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It was the biggest win of his career and in most cases, the victor would get the spoils, however not in this case. Instead of getting the much deserved shot against Pacquiao, Manny instead elected to give an undeserving rematch to Morales which left Raheem out in the cold. Raheem however would finally get his first shot at a world title as he met former champion Acelino “Popo” Freitas of Brazil.

They met on 04/29/06 at the Foxwood’s Resort and Casino in Mashantucket, CT and it was for the vacant WBO Lightweight Championship. This matchup was the classic boxer vs puncher kind of fight, however the puncher would prevail as Freitas would win a split decision. It was pretty much the end of the road for Zahir Raheem near the top.

He would go 8-2 with one No Contest from 2007-2014. His record as a professional stands at 35-3 with 21 KO’s. His journey to the top was a rough, bumpy road that included many bad breaks. What would his career have been like had he been handled better. Could he have gotten bigger fights, paydays and would he have won multiple world titles? It’s unfortunate that the boxing world didn’t get to experience how great Zahir Raheem could have been.

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Forgotten Legends: Jose Luis Lopez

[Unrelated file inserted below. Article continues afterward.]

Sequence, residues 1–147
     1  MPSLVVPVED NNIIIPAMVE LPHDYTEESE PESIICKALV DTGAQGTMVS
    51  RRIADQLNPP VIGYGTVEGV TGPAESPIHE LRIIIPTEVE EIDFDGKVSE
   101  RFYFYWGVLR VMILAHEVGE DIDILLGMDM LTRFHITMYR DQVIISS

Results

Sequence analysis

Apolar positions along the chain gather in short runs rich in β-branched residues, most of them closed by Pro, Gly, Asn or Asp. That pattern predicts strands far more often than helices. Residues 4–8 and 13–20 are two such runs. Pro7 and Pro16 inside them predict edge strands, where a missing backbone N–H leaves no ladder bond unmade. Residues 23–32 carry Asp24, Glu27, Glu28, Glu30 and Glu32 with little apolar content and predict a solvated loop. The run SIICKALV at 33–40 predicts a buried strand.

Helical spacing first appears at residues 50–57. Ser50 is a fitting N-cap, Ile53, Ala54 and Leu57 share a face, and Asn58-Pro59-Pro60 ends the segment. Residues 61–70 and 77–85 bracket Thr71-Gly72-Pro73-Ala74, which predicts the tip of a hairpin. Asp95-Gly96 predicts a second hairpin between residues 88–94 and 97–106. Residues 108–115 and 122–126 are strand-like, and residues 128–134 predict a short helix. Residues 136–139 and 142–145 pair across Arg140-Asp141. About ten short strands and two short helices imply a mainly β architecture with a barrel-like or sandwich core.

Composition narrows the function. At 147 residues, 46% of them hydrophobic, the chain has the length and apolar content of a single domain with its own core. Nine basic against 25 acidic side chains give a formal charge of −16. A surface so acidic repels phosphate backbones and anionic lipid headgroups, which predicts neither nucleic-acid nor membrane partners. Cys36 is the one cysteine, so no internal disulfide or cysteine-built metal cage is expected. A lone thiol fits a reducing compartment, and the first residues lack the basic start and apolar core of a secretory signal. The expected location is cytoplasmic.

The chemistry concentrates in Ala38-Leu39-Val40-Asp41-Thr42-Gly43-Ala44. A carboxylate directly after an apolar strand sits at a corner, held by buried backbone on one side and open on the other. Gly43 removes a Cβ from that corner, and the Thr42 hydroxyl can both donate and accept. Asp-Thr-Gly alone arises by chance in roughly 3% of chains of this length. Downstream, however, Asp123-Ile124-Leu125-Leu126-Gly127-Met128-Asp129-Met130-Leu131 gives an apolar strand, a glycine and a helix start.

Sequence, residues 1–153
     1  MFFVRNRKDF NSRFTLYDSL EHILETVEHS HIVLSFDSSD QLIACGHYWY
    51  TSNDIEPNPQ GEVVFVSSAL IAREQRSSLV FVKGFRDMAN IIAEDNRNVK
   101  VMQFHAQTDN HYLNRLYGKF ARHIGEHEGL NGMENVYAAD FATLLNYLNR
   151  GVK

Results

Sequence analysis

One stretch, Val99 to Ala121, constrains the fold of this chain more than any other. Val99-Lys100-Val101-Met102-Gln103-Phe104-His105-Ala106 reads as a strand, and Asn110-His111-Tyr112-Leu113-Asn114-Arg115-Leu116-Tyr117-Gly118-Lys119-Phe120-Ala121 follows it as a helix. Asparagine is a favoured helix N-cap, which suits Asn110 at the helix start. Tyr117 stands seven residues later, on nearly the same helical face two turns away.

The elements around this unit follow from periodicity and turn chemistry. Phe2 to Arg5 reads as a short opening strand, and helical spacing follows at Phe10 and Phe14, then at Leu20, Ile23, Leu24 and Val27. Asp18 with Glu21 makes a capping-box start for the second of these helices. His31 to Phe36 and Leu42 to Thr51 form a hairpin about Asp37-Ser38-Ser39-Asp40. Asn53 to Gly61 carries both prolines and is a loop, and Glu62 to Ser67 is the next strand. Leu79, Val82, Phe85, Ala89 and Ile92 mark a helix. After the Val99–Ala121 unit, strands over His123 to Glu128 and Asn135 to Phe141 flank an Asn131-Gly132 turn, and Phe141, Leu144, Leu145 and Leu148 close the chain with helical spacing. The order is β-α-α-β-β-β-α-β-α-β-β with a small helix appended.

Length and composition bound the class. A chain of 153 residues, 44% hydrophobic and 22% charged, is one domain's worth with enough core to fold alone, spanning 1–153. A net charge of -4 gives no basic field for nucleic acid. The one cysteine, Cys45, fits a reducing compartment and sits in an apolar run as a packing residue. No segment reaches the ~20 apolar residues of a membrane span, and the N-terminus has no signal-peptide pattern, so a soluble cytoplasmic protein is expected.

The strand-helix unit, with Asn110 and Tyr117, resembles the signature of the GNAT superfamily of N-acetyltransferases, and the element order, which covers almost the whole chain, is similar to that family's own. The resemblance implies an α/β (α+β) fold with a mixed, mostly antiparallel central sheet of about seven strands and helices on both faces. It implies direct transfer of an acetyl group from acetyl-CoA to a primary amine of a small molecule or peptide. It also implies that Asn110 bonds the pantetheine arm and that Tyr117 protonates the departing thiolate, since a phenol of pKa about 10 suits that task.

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By: Steve Gallegos

During the mid to late 1990’s, Mexican legend Julio Cesar Chavez’ star was beginning to decline. Many up and coming Mexican fighters were eager to fill that void as Mexico’s next great champion. Fighters like Marco Antonio Barerra, Erik Morales and Juan Manuel Marquez were among the fighters of this class, however there was another fighter from Mexico who made a name for himself in his own right and set himself apart from the others. His name was Jose LuisMaestritoLopez.

Lopez wasn’t your typical Mexican fighter. Outside the ring, he was a surfer and motorcycle enthusiast who even rode his motorcycle across Europe. Inside the ring he was an attacker. A straight forward puncher who had the power to turn things around at anytime in any fight. Jose Luis Lopez was born and raised in Durango, Mexico and began boxing at a very young age. His father, Jose Luis Lopez Sr was a former fighter himself and his son followed in his footsteps, turning professional at age 15.

He would go 36-3-1 with 27 KO’s from 1989-1996. He was facing relatively obscure opposition, mostly in his native Mexico. His resume was good enough to land him a world title shot against Irishman Eamonn Loughran. They met on 04/13/96 in Liverpool in the United Kingdom and it was for the WBO Welterweight Championship.

The champion Loughran, hand picked Lopez as an opponent, thinking it would be an easy title defense. He would then find out that Lopez was far being an easy opponent. Lopez showed his tremendous punching power, dropping Loughran three times en route to a first round KO. Jose Luis Lopez was now a world champion and the boxing world began to take notice.

Lopez would make the first defense of his title six months later against hard hitting and future world champion Yory Boy Campas. Campas had only lost one fight in 65 bouts and many thought he would be too stiff of a challenge for Lopez. “Maestrito” broke Campas down with his hard body punching and would score a huge fifth round TKO. Although he had successfully defended his title, Lopez would be stripped of his title after testing positive for Marijuana.